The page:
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 Cervical spondylosis

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PostSubject: Cervical spondylosis   Cervical spondylosis EmptyThu Jan 20, 2011 12:30 pm

Cervical spondylosis
Filed under: Boomer's Health
Cervical spondylosis is a general term for age-related wear and tear
affecting the disks in your neck. These changes later contribute to the
development of cervical osteoarthritis in the joints that link your neck
bones (facet joints).

Cervical spondylosis and osteoarthritis are most common in people older than age 55, and both conditions progress with age.

Many people with signs of cervical spondylosis and osteoarthritis on
X-rays manage to escape associated symptoms, which include pain,
stiffness and muscle spasms. When symptoms do occur, nonsurgical
treatments often are effective.

©
Symptoms

Cervical spondylosis typically affects only the neck, causing pain and
stiffness. When nerve compression also is present, signs and symptoms of
cervical spondylosis may include:

* A stiff, painful neck
* Shoulder, arm or chest pain
* Tingling and pinprick sensations in your arms, hands, legs or feet
* Numbness and weakness in your arms, hands, legs or feet
* Lack of coordination
* Difficulty walking
* Abnormal reflexes
* Loss of bladder or bowel control, or urinary or bowel retention

When to see a doctor
Call 911 or your local emergency number if you develop neck pain along with:

* Sudden or unexplained changes in bowel or bladder control
* Sudden or unexplained weakness in your arms or legs

Call your doctor for an immediate appointment if you develop neck pain along with:

* A fever of 100.4 F (38 C) or greater that lasts 48 hours or longer
* Pain that doesn't let up at night or when you're resting
* Pain that's new within the last six weeks, is getting worse and occurs along with numbness or weakness below the knee
* Worsening neurological problems, such as difficulty speaking, balance problems, visual problems and difficulty thinking

Call your doctor for an appointment if you develop neck pain that:

* Is related to an exertion injury, such as from lifting, digging or reaching
* Is similar to neck pain that you've seen a doctor for in the past
* Lasts longer than six weeks
* Doesn't respond to over-the-counter (OTC) pain medications
* Occurs along with unexplained weight loss of more than 10 pounds in six months

Also call for an appointment if you develop neck pain and are older than age 50 or have a history of cancer.

©
Causes

As you age, the bones and cartilage that make up your backbone and neck
gradually deteriorate, sometimes forming irregular bony outgrowths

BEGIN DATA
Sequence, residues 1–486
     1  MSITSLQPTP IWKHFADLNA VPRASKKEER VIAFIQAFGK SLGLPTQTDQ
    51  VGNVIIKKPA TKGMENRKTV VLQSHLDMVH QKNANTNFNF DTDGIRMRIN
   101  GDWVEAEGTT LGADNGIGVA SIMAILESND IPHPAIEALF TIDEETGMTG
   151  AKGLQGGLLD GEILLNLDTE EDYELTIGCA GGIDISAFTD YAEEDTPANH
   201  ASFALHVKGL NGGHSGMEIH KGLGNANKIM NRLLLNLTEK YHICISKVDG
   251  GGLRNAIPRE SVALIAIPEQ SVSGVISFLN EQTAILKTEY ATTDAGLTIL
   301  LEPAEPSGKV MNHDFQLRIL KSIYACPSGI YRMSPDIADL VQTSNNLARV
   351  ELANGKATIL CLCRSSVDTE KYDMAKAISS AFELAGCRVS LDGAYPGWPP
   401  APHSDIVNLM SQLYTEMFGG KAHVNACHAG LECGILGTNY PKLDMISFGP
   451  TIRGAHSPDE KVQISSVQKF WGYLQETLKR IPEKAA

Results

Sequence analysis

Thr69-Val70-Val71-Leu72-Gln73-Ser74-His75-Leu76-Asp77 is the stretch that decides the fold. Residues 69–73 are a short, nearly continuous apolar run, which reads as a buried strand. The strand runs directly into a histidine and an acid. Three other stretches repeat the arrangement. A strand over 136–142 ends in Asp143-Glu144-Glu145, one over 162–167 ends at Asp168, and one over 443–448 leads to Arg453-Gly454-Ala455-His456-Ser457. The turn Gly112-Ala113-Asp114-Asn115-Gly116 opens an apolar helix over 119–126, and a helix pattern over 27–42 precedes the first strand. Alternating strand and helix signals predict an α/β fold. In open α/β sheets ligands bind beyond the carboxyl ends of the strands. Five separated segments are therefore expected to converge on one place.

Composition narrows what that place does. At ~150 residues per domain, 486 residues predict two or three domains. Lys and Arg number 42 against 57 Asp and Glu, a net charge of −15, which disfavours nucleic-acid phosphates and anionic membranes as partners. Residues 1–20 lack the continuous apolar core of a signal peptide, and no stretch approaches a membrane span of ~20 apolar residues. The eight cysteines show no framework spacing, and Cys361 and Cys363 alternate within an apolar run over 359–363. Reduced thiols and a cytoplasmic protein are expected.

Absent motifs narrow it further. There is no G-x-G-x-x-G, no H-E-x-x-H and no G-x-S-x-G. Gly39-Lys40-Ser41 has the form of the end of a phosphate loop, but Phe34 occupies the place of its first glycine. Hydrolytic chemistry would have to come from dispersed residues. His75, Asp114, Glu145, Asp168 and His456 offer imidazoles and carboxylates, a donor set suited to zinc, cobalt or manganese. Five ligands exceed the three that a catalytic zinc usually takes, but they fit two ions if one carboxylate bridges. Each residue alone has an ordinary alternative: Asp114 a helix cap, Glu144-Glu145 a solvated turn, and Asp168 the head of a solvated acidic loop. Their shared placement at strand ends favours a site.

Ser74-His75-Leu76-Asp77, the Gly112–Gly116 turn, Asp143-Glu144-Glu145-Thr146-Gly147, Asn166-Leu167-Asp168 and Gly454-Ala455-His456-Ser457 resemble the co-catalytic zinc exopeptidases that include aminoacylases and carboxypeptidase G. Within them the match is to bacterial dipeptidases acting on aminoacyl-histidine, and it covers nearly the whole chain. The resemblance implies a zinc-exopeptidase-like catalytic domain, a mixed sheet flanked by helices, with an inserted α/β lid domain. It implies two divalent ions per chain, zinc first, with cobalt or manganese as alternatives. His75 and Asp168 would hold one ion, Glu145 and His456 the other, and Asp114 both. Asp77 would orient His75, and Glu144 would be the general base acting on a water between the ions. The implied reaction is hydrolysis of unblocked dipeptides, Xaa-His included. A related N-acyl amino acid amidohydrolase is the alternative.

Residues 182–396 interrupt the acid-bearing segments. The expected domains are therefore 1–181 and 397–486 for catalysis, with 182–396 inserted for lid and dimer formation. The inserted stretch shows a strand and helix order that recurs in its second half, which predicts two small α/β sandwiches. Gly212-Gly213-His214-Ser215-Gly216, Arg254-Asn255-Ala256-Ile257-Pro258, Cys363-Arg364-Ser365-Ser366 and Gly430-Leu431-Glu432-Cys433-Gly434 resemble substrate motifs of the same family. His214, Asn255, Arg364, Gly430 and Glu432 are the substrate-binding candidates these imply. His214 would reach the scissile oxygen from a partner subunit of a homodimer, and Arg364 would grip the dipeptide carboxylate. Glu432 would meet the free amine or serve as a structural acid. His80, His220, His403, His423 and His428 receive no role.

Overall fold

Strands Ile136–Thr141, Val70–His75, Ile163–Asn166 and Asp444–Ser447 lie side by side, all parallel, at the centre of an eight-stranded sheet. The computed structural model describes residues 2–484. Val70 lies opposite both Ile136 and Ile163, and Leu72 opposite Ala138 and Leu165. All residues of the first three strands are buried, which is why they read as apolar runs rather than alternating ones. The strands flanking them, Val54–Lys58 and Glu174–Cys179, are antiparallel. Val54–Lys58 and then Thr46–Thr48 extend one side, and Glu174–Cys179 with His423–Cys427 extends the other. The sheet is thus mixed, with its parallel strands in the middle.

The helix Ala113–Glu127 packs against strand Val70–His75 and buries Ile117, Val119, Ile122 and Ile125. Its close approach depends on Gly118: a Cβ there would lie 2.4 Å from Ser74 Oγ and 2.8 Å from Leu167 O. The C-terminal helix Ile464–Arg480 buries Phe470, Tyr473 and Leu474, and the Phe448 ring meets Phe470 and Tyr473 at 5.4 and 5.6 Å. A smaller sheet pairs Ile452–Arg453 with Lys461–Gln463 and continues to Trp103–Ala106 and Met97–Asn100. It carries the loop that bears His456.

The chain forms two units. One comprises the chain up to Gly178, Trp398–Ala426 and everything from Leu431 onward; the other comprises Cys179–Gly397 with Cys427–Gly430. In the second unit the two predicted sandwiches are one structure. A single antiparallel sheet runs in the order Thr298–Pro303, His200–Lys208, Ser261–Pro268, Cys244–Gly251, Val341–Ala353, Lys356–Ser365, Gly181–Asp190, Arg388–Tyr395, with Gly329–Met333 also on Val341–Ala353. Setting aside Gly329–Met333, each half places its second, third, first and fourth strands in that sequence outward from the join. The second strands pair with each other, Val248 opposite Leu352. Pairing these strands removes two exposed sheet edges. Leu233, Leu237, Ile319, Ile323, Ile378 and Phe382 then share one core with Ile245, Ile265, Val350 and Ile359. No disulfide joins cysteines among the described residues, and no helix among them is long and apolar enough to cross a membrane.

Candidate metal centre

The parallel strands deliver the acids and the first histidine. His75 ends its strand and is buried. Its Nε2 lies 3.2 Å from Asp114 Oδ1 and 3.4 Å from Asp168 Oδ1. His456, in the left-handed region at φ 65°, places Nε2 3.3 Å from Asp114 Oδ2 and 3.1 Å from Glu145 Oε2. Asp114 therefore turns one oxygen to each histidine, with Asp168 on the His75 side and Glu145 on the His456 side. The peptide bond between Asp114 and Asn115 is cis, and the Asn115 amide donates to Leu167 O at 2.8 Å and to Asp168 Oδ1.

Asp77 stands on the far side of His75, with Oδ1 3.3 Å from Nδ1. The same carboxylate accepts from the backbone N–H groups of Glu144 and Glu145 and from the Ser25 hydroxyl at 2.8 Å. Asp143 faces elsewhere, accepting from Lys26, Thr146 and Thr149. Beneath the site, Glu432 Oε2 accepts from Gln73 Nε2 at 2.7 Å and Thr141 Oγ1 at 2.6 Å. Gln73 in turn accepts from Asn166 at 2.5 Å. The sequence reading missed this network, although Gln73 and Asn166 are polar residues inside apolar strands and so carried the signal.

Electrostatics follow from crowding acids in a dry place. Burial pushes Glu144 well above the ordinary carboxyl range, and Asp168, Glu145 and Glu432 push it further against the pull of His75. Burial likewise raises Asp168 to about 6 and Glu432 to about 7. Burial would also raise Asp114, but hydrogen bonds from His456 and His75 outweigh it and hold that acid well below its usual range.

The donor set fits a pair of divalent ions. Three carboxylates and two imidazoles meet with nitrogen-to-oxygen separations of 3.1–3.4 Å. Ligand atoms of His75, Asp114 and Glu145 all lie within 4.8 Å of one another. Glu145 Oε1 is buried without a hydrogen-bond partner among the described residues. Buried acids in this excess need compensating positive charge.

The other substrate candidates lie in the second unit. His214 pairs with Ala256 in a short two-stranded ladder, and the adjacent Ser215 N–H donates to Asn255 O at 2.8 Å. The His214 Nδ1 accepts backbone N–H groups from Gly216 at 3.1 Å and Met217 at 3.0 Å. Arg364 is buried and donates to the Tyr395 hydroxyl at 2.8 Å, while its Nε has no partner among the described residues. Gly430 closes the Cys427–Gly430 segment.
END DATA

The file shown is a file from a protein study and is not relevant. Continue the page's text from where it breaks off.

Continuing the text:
called bone spurs. These changes, which are characteristic of cervical
spondylosis, eventually occur in everyone's spine.

Age-related wear and tear is probably the basic cause of cervical
spondylosis. By age 30, many people show signs of vertebral and disk
degeneration on X-ray, although symptoms usually don't appear until
later in life. Specific changes occurring with age include:

* Drying and loss of elasticity in the spinal disks
* Bulging and sometimes herniation of disks so that disk material protrudes from between two vertebrae
* Stiffening of the ligaments connecting neck bones and muscles

©
nRisk factors

Aging and wear and tear on your spine are the major risk factors for
cervical spondylosis. You may be more likely to develop cervical
spondylosis if you've had a neck injury.

©
Complications

Cervical spondylosis is the most common cause of spinal cord dysfunction in older adults.

In a small percentage of cases, cervical spondylosis may compress one or
more of the spinal nerves — a condition called cervical radiculopathy.
Bone spurs and other irregularities caused by cervical spondylosis also
may reduce the diameter of the canal that houses the spinal cord. When
the spinal canal narrows to the point that it causes spinal cord injury,
the resulting condition is referred to as cervical myelopathy. Both
cervical radiculopathy and cervical myelopathy can lead to permanent
disability.

©
Preparing for your appointment

Make an appointment with your doctor if you have signs and symptoms
common to cervical spondylosis. After an initial evaluation, your doctor
may refer you to a doctor or physical therapist who specializes in the
diagnosis and treatment of spine disorders.

Here's some information to help you get ready for your appointment, and what to expect from your doctor.

What you can do

* Write down your symptoms, including when they first started and how often they occur.
* Write down your key medical information, including any previous
neck injuries and other health conditions with which you've been
diagnosed.
* List all the medications you're currently taking, including
prescription and over-the-counter drugs as well as any vitamins or
supplements.
* Take a family member or friend along, if possible. Someone who
accompanies you can help remember information that you missed or forgot.